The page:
Nigerians see education as pivotal; we see it as the key that open doors of opportunities for people. Most parents advice their children to study hard, so that they can be meaningful in life. Education is seen as life, we use it to increase the need for achievement of our children. School is seen as either you are there or no where, that is why quite a number of Nigerians will die while trying to pass SSCE or
My major concern is about what we are presenting to the future leaders, how real? How futuristic? Will it really give us a secured future? Is it supposed to set us free? Will everyone that makes it to college, polytechnic or university have a bright and promising future?
Let us start with the public primary schools, quite a number of today’s public primary schools are future wrecking, everything about the schools will discourage students from acquiring knowledge.
The teachers are as poor as the church rat; you wouldn’t need soothsayers to tell you that poverty has eaten deep into their bone marrow. The standard of living of the teachers, who are the custodian of our future leaders is low, they live in abject poverty. Some of them have other businesses that they do which naturally takes most of their time; their mind is fixed to those businesses and not the teaching job.
Sometimes however, the teachers are better of than the buildings. The school premises tell you that you are a second class citizen whenever you are in the compound.
96 % of the teachers teach with our indigenous languages. I’m not sure if that is meant to be a strategy but it’s certainly not a good one. One of the major problem that Nigerian students have is the ability to express themselves in English language. This is certainly not the type of leaders we want for the future.
Quite a number of the young minds cry before going to school every morning, by the time they grow older, they only go to school to play, help their teachers sell whatever they are selling, come back home and resume playing.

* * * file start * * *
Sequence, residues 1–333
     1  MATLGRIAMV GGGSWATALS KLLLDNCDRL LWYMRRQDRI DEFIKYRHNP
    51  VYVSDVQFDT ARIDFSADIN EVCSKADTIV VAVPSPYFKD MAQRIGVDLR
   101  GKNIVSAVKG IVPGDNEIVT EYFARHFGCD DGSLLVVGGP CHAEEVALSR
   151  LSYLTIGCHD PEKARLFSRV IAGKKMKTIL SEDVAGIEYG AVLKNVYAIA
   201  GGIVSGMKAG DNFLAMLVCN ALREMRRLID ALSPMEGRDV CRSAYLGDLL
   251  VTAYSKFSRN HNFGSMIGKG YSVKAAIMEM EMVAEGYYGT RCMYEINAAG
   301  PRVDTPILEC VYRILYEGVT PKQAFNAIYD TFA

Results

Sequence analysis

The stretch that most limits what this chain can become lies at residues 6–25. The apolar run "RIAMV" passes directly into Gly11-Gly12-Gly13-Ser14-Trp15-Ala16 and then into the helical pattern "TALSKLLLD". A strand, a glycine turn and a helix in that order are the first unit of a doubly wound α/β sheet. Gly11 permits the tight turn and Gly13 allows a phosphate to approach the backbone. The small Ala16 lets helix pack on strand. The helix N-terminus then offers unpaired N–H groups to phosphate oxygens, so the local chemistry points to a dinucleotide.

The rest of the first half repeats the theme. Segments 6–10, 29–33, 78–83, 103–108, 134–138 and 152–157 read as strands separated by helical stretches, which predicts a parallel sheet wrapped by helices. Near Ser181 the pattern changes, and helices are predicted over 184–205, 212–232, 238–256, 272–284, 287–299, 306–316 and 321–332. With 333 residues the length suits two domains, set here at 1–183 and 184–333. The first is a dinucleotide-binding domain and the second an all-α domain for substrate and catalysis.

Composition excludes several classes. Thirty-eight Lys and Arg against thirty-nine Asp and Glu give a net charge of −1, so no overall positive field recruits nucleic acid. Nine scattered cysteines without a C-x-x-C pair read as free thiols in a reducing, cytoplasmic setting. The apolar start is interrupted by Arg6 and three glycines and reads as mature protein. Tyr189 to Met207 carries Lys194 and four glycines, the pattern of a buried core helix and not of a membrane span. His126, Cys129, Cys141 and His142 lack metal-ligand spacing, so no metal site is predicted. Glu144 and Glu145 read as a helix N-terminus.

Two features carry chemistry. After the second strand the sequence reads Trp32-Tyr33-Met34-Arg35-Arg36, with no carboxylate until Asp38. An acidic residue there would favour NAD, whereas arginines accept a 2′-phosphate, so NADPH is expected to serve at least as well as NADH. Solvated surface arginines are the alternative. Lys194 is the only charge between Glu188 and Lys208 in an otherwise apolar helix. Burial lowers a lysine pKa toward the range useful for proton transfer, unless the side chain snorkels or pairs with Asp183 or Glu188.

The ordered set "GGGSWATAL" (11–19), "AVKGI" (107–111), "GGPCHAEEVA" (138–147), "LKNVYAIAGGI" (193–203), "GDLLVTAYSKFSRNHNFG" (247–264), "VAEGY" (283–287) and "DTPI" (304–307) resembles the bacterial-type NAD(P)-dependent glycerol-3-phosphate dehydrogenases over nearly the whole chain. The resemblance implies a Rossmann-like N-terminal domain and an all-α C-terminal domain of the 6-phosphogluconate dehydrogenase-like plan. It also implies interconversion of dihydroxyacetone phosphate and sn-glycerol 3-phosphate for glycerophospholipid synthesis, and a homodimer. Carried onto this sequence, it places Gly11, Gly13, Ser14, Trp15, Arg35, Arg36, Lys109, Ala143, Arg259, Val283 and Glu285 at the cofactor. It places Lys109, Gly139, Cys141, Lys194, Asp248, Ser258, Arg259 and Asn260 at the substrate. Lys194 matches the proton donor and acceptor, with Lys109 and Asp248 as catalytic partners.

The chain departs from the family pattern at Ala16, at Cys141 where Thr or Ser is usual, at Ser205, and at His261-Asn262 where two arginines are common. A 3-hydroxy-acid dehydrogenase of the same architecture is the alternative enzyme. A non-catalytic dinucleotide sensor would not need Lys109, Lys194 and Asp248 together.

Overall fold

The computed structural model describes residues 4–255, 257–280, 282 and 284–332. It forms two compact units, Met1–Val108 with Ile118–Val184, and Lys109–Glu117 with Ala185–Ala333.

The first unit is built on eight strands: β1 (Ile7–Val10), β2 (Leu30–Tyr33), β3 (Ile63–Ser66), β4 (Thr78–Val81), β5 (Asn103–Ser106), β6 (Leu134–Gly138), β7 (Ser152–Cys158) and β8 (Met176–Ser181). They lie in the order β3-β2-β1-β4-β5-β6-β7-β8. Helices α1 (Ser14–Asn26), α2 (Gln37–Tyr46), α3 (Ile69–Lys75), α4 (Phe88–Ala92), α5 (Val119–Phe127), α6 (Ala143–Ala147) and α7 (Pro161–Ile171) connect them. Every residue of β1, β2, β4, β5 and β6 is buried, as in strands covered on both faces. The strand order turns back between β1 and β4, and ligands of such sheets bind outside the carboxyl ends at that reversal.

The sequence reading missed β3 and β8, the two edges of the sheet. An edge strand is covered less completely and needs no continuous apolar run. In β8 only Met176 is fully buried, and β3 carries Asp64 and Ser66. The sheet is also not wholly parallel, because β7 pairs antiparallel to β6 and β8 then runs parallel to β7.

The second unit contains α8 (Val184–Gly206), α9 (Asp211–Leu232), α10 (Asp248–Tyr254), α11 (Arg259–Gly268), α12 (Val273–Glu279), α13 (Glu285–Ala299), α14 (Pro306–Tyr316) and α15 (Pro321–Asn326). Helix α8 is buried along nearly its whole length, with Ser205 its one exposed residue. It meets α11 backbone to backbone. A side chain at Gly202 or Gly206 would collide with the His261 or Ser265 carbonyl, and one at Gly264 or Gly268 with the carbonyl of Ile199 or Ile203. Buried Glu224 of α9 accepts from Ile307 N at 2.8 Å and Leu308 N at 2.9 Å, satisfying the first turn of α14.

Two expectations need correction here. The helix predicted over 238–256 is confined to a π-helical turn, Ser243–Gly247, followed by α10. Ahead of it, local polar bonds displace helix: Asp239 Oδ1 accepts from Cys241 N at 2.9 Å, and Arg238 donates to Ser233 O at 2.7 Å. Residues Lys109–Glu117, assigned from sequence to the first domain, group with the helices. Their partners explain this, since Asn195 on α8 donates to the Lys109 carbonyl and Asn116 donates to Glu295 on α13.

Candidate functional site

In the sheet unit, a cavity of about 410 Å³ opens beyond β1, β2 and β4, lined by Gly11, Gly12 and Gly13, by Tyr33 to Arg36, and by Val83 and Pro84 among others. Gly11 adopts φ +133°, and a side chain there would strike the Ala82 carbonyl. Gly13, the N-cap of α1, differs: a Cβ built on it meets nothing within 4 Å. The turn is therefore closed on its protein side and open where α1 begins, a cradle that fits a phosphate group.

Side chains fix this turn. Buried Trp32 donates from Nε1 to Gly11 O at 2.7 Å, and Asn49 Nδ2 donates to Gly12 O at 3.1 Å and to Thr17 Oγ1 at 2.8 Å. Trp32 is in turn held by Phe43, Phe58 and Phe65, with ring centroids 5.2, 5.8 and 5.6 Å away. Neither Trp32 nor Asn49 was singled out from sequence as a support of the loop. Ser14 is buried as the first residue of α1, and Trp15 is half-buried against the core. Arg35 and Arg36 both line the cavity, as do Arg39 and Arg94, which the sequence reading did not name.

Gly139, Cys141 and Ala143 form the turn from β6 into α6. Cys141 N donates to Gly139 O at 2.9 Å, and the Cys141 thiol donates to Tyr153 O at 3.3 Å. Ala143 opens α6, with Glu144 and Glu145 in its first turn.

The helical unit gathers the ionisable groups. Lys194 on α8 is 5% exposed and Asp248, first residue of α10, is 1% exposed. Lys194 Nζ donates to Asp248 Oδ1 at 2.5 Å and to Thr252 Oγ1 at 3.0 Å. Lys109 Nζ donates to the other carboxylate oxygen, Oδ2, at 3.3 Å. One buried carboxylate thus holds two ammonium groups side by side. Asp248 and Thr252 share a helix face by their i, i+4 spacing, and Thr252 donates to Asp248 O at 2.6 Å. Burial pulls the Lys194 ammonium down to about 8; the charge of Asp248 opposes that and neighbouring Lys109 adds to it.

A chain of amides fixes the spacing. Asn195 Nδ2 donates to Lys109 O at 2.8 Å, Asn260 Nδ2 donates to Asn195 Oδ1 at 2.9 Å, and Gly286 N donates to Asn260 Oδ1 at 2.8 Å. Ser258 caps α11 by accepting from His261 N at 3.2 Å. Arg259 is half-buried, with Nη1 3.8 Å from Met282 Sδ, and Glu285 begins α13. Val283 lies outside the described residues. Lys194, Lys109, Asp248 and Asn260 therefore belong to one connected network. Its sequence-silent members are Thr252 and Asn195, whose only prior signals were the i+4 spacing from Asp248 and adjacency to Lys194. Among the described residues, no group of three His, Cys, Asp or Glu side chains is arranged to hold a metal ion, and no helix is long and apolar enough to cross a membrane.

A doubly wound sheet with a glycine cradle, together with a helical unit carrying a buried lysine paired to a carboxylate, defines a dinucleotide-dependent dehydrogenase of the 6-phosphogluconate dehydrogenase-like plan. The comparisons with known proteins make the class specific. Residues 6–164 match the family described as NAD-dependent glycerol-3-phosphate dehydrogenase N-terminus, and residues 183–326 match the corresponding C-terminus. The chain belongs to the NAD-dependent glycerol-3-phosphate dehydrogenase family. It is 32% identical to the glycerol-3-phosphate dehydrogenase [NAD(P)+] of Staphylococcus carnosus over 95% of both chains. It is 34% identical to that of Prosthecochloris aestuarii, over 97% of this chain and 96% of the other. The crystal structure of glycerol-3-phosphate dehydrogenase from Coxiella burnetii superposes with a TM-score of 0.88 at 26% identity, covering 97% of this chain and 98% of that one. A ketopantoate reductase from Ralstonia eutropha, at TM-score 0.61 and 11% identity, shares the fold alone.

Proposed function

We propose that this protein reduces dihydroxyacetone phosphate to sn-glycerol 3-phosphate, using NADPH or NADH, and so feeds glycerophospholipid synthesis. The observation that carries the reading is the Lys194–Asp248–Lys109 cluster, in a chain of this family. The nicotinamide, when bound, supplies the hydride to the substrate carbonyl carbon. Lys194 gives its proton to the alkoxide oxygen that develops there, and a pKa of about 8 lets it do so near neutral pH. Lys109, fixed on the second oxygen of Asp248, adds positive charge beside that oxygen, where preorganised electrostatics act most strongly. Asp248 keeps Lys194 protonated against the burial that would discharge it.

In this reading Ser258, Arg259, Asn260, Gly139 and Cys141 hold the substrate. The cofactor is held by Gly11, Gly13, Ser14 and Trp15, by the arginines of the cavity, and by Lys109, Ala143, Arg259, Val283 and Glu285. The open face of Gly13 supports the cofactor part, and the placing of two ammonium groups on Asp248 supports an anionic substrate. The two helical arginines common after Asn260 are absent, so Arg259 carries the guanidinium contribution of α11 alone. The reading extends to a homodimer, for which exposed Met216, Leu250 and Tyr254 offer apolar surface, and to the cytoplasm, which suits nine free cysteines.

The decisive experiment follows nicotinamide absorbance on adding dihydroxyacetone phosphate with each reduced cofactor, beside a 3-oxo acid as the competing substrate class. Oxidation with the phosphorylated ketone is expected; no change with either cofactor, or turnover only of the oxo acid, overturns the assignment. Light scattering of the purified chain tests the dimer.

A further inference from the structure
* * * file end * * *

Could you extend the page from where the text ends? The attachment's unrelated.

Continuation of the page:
The future of these young people is bleak. They do not have good role models to look up to and nobody seems to care about them, like an ex-Nigerian President once said, if education is expensive try ignorance. He could be correct because most of these primary school pupils end up becoming our present day “Agbero”. They not only rob us they constitute nuisance in our society. Everyday we complain that someone should do something about the grown up thugs and I usually wonder if anyone is doing anything to the thugs we are breeding in our primary schools. Virtually all of those thugs attended primary school!
How many students from the public primary schools make it to the secondary school? If some of them do, how many actually make it to the universities from the public secondary schools?
Education is important but we are not passing it across to the children in the right way.
For most of the students in the public primary schools, their parents are either poor to pay for an expensive private school or they have parents who do not value education. Either ways it is not the fault of the children.
I strongly believe that every child should be given qualitative education in the right manner. Teachers should be seen as an asset to the nation, they are the first set of people those children meet in a formal education gathering.
There can be no meaningful development if we have half baked schools in our country. Every Nigerian should be given access to qualitative education whether rich or poor, the financial status of parents should not determine the type of education their children will receive.
Do something to rescue our public primary institution!
Give an impression that life is good and life will truly be good to us. Nobody knows how much you care until you show how much you care.